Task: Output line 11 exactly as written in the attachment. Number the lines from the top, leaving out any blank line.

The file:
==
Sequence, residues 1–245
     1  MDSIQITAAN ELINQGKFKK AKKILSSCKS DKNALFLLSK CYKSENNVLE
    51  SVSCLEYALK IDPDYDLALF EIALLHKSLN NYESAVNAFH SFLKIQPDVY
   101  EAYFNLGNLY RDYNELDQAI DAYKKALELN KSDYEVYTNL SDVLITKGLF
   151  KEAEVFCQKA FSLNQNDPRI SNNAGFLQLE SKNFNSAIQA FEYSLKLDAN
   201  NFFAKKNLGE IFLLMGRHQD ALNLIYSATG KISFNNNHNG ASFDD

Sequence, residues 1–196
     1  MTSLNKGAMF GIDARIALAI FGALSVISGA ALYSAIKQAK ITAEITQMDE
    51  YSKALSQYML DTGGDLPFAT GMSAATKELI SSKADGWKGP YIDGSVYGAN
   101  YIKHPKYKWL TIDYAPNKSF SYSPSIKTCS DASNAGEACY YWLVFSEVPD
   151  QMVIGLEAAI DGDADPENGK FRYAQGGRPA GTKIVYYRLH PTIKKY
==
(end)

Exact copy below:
   151  QMVIGLEAAI DGDADPENGK FRYAQGGRPA GTKIVYYRLH PTIKKY